96 items found for your search. If no results were found please broaden your search.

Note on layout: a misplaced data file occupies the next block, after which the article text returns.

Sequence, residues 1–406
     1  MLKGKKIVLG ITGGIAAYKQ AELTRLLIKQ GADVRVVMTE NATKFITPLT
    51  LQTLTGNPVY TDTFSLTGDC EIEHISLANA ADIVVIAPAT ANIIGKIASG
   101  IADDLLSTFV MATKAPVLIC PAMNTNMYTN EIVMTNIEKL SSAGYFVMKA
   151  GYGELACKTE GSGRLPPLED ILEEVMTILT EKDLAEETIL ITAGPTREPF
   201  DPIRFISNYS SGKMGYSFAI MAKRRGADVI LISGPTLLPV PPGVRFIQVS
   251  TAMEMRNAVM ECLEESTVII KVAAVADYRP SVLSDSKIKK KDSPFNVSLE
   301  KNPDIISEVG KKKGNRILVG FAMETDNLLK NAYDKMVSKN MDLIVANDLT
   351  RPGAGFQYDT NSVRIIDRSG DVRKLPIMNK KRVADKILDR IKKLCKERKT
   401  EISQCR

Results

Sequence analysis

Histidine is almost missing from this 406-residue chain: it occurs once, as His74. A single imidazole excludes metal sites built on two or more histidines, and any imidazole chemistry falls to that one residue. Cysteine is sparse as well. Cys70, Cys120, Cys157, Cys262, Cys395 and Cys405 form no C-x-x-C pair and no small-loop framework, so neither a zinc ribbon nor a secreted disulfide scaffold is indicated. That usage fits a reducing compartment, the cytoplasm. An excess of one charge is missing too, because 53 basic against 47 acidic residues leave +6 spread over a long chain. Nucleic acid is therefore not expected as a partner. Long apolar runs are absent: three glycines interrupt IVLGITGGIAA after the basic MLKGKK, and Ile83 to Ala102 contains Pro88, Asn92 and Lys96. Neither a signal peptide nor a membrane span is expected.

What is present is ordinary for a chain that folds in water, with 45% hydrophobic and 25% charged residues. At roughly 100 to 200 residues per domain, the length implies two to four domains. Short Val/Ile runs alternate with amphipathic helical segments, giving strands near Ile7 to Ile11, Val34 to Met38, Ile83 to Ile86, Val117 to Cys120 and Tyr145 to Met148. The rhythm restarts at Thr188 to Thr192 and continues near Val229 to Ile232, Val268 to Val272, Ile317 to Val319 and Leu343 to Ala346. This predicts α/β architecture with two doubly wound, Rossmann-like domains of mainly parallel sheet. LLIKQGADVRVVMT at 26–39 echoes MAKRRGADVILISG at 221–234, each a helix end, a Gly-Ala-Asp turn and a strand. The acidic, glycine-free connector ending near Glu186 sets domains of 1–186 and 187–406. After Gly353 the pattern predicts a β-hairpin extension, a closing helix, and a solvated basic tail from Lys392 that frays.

‘A safer environment’: Working group releases 28 recommendations, including campus-wide climate survey